If you are thinking about filing for divorce in Michigan or are in the process of getting divorced, it is extremely important to consider how social media usage can hurt your case. In other words, you may want to stop posting on Facebook, Instagram, Twitter, and other social media platforms that can provide public information about your personal life during your divorce. Ultimately, even if you think this information is private, it could end up being used against you in divorce proceedings or property settlement negotiations. An article in Forbes suggests that, if you are getting divorced, the best action to take with regard to social media is to avoid it.
We want to discuss some of the problems social media can pose in a Michigan divorce.
Social Media Can Provide Information About Hidden Assets
When you are getting divorced, all marital property-which includes assets and debts-will be divided according to a theory of equitable distribution. This means that marital property will be divided in a way that is fair to both parties, but not necessarily in a way that is equal. In all divorce cases, both spouses will need to provide information about marital assets and debts so they court can consider them when determining how to divide the property. While it can happen in almost any divorce case, hiding property can be a particularly problematic issue in high-asset divorces.
For example, perhaps one of the parties does not want to have an expensive sports car or an expensive piece of artwork to be “divided” and thus may decide to hide it and to avoid providing information about it to the court. Or, perhaps, one of the spouses handled most of the financial issues during the marriage and claims to have recently lost a significant amount of marital assets through investments when this is not in fact true. Such actions-hiding property-are unlawful and can result in consequences beyond those affecting property distribution. Yet these kinds of actions are good examples of how social media use can expose hidden assets.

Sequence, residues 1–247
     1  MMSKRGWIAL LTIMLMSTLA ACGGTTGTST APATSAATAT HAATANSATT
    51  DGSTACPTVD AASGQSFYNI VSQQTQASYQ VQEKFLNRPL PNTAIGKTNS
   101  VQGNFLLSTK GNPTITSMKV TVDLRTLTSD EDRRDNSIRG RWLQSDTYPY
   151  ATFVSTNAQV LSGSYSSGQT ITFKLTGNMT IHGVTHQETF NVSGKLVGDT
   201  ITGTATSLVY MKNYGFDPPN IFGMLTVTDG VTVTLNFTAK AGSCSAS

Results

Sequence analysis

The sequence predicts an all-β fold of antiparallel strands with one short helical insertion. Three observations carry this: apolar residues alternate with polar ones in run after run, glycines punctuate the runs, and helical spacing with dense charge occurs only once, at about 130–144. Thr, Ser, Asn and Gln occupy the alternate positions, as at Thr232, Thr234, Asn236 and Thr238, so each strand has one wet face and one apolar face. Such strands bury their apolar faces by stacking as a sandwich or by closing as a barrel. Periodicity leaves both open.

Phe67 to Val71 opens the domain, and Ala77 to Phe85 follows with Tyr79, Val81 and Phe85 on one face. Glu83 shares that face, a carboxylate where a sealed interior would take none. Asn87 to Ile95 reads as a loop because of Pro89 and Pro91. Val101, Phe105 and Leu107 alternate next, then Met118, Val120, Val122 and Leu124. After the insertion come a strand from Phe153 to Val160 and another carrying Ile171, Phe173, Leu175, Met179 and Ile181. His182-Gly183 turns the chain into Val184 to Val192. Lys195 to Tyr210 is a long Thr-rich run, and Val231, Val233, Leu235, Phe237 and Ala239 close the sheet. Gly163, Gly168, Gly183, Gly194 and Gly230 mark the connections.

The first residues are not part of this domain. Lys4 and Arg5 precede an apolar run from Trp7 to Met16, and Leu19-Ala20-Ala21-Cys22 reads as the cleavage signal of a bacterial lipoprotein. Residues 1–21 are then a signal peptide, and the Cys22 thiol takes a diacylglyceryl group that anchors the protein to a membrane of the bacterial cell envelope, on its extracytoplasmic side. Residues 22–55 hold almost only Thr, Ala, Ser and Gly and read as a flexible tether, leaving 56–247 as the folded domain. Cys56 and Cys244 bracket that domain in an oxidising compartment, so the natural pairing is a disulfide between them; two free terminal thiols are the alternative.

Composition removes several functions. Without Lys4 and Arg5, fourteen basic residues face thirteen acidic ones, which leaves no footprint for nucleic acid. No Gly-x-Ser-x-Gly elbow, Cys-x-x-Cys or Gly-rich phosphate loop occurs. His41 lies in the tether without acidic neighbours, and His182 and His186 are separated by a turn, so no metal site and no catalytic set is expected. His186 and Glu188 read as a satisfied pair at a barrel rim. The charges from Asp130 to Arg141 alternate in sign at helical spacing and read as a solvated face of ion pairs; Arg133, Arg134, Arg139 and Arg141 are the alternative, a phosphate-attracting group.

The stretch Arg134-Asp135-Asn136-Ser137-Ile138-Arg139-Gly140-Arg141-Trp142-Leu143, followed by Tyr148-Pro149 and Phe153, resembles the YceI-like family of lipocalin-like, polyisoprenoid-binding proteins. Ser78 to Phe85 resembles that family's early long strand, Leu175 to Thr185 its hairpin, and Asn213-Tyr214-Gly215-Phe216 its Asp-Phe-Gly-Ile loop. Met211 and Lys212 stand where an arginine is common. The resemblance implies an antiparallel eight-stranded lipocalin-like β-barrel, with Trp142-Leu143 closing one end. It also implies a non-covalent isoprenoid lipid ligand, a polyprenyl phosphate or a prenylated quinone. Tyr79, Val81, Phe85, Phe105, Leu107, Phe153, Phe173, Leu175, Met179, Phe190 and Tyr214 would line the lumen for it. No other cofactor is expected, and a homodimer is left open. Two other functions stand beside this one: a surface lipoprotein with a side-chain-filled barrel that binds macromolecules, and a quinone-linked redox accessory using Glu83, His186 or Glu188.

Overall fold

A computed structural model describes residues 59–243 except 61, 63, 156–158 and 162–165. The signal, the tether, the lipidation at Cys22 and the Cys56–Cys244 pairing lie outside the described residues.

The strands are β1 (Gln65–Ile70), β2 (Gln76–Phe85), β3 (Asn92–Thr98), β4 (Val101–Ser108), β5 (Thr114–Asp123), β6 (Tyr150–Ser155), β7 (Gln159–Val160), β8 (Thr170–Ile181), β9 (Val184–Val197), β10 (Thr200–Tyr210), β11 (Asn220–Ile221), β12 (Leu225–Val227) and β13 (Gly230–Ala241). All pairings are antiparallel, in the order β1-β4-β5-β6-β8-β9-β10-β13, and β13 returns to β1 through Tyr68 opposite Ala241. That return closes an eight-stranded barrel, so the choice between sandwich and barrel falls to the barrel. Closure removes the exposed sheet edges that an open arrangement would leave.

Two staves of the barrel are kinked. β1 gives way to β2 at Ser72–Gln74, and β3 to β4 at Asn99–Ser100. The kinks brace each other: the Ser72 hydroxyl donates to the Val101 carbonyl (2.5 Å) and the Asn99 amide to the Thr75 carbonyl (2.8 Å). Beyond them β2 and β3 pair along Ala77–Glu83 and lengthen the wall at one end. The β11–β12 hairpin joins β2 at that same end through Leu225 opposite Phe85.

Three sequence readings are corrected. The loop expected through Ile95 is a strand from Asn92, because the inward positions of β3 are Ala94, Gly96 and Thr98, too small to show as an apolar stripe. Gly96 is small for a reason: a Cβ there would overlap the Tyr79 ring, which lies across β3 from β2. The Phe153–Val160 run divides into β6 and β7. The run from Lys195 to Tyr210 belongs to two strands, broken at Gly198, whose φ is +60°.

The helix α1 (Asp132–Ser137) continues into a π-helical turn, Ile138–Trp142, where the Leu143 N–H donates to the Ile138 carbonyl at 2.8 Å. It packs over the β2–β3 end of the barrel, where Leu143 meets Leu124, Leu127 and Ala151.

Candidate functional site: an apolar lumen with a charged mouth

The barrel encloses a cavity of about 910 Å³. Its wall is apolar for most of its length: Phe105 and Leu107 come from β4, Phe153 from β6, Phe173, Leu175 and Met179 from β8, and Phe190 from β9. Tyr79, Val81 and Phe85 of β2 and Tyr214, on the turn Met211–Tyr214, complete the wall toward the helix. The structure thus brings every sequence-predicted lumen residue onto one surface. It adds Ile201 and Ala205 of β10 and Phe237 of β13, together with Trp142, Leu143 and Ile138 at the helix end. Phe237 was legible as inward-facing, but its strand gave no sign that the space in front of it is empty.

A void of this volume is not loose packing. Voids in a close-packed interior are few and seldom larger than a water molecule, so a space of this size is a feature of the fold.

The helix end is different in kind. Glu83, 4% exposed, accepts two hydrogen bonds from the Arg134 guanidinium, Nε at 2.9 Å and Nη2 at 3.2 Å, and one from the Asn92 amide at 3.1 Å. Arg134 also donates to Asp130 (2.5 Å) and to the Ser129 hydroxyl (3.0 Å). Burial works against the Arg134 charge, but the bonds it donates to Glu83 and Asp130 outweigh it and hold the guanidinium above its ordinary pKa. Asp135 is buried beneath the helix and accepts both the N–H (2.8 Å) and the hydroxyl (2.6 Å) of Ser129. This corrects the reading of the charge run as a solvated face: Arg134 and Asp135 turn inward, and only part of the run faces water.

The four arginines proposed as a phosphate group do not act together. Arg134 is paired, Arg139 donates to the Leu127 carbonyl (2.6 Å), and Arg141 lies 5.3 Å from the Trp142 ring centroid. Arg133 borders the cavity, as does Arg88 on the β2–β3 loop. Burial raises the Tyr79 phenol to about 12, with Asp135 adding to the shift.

Evidence from Social Media May Be Used in Court
Imagine that one of the spouses who is hiding property posts a photo on Facebook or Instagram of an expensive vacation, making clear that she or he does have more money than previously suggested. Or, if that expensive sports car or artwork appears in a social media post-even if it is not on the spouse’s account but rather the account of a friend-that image can be used in the divorce proceeding to show that assets may be hidden. Hidden assets can also affect spousal support payments.
As we intimated, information contained on social media accounts could end up being admissible in court. For example, if you post about getting a raise or a new job, or if you post information that could have any impact at all on your divorce and the other spouse finds it, it may come into play in your case.
What should you do? Ultimately, consider getting off social media altogether during your divorce and prevent friends and family members from “tagging” you in any posts. If you feel you must remain on social media, update all of your privacy settings and refrain from writing or sharing any words or images that you would be uncomfortable sharing with your spouse.
A Michigan Divorce Lawyer Can Help